Context: A variety of codes & regulations have been enacted at the state and local level, and are close to showing results. For example, Massachusetts began capping energy usage and specifying efficient lighting standards in 2018, and currently has one full year of data as a result of requiring energy and water reporting of its producers. California, home to 50% of the industry’s cultivation, recently adopted energy codes requiring efficient performance of lighting equipment yet they take effect in 2023 and will begin showing results in 2024. In 2020, Illinois joined several local jurisdictions across multiple states in banning outdoor cultivation due to constituent concerns about odors, a decision certain to put pressure on electricity grids while licensing is still to reach capacity.

Recommendations:

  • Provide technical assistance on adoption of codes & standards
  • Support best practices knowledge-sharing, education & training
  • Encourage consistency in regulations from state to state

2. Recognize the critical need for data-driven decision-making

Context: There is essentially universal agreement throughout the cannabis supply chain that more data are needed to optimize efficiency in cultivation and other production processes. The environmental issues related to cannabis production are complex and local. For example, growing cannabis outdoors in a hot, arid, drought-plagued environment like the Southwest has a different impact than cultivating indoors in a cold climate like the Northeast. Standardized comparison is required. The PowerScore resource benchmarking platform provided by Resource Innovation Institute is specified by governments, vetted by a variety of stakeholders, and used by hundreds of cultivation operations. As a result, the not-for-profit infrastructure is available to inform data-driven decision-making by the federal government and other stakeholders as additional data is analyzed.

As noted above, the legal cannabis marketplace is still in its nascency.  It is reasonable to expect that emerging science and manufacturing technology may eventually change the way cannabinoids are derived. As technology and science improves, the regulatory system should be nimble enough to embrace these changes.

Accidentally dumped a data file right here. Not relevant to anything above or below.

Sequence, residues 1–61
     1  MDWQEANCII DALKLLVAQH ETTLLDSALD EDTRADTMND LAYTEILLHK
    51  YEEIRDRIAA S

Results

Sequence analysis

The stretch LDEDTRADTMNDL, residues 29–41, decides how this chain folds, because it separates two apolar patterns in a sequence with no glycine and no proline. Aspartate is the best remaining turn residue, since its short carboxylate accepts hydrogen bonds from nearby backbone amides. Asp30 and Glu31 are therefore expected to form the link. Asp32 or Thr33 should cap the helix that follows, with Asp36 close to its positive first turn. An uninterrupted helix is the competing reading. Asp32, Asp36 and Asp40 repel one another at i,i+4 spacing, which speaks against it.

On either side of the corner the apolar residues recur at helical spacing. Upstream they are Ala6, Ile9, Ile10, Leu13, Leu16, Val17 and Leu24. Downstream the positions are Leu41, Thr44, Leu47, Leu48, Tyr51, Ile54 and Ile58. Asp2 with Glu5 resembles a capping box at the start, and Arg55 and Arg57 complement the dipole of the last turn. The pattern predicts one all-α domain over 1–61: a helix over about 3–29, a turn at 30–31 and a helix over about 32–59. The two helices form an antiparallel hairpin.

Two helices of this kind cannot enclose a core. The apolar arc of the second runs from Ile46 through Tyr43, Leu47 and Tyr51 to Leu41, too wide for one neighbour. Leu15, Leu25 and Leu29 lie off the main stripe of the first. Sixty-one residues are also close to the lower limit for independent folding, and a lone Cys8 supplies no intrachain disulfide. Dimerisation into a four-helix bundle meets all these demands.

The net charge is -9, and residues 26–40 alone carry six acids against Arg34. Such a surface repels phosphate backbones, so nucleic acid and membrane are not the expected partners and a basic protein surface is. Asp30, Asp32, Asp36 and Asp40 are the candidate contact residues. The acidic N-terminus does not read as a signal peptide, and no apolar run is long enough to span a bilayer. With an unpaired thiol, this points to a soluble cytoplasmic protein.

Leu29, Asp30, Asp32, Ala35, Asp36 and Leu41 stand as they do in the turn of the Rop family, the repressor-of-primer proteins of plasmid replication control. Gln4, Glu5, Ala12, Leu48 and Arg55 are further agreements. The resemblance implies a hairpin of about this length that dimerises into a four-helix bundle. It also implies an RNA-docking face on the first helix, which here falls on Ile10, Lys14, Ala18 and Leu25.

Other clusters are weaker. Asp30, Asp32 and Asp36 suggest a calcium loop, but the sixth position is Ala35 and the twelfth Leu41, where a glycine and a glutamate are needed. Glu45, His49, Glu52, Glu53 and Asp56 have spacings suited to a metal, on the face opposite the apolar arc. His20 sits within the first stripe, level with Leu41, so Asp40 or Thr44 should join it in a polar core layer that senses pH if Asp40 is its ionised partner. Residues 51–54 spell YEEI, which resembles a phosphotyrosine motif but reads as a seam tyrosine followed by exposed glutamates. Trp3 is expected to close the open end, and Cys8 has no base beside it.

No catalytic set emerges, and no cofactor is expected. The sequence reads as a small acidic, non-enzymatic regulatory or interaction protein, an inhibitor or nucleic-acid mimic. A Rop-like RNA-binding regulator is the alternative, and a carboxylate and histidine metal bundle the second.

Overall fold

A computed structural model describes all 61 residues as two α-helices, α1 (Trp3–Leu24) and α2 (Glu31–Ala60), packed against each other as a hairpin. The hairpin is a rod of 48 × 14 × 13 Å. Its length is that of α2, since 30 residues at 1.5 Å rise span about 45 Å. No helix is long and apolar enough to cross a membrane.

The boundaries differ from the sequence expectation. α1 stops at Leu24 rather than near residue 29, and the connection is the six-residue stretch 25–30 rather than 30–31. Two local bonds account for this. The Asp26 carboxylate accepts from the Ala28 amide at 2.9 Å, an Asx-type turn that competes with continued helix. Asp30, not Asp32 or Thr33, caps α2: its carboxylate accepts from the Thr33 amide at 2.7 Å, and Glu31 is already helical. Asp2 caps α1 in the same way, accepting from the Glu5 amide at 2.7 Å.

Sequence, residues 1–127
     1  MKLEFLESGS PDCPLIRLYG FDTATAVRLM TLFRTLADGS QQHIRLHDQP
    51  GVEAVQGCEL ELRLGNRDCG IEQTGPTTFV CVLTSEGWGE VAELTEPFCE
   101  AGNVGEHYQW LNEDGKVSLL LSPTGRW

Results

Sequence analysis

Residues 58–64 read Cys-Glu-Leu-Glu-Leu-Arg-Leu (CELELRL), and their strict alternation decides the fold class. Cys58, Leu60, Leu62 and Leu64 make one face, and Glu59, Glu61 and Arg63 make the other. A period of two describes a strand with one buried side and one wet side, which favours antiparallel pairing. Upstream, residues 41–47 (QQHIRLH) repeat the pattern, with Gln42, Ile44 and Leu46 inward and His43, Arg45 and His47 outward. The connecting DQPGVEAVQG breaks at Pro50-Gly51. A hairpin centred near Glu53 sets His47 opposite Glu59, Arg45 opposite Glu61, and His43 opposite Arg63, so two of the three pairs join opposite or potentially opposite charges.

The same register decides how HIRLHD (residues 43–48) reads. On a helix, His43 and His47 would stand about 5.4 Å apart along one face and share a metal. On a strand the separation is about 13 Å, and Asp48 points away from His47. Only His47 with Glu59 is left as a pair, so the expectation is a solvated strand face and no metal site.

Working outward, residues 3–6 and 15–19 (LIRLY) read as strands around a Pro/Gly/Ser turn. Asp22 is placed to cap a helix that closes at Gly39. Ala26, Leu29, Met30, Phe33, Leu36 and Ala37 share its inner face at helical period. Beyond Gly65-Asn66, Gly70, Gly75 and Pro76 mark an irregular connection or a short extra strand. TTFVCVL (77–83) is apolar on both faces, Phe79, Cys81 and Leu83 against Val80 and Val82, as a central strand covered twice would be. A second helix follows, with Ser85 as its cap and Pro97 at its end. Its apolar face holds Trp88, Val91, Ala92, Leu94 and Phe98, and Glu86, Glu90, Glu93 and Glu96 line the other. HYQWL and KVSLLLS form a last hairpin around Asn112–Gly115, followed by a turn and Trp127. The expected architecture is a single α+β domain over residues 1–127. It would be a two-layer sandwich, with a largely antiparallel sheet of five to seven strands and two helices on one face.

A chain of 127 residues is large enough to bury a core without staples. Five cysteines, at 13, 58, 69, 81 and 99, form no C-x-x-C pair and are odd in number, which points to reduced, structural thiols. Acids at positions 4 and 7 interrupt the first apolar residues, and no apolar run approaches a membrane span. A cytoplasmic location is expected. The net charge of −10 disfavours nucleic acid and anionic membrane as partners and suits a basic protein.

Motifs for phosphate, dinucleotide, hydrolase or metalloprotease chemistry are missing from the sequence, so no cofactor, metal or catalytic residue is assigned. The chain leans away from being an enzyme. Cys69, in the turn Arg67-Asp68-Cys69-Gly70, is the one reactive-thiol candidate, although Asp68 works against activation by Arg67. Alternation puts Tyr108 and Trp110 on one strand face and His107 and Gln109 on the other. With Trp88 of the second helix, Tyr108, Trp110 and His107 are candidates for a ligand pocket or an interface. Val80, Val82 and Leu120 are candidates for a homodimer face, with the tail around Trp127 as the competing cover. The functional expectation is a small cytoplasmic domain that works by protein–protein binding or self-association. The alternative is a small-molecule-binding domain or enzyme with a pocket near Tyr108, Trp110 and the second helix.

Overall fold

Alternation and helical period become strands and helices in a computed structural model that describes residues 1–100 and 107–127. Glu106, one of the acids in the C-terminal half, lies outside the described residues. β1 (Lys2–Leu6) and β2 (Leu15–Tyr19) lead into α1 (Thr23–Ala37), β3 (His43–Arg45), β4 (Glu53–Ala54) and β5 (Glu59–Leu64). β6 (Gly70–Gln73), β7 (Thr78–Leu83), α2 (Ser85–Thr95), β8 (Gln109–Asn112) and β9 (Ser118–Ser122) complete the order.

Recommendations:

  • Encourage resource benchmarking
  • Support & align with state reporting requirements
  • Do not restrict any form of cultivation in the absence of data substantiating resource efficiency and productivity against emissions indicators

3. Focus on carrots, not sticks

Context: Regulatory actions are extensive throughout state and local cannabis regulation, and those relating to energy and environmental issues are on the rise. Incentives are generally a missing element in the cannabis market, though utility and energy efficiency program rebates have proven to accelerate uptake of high-performance technologies. At the same time, energy requirements enacted in several markets have resulted in reductions of utility incentives due to higher efficiency baselines for cannabis cultivation operations. At the end of the day, there should be support for cannabis companies to make environmentally-preferable choices and ramp up with emerging technologies, just as companies in other industries.

Recommendations:

  • Encourage utility incentives during periods of code adoption, as is often done with emerging technologies
  • Support workforce education, training and development, including equity programs, for efficiency-related work in indoor agriculture environments
  • Provide credit enhancements to back private financing on energy efficient technologies
  • Support cannabis-centric voluntary leadership recognition systems that certify facility-level performance
  • Offer grants to support efficiency actions by producers, leveraging existing USDA activities as well as targeted services for cannabis producers
  • Explore opportunities to provide tax relief, expedited permitting and other incentives based on environmental performance
  • Enable extended timeframes, financing and technical assistance for small businesses and undercapitalized entrepreneurs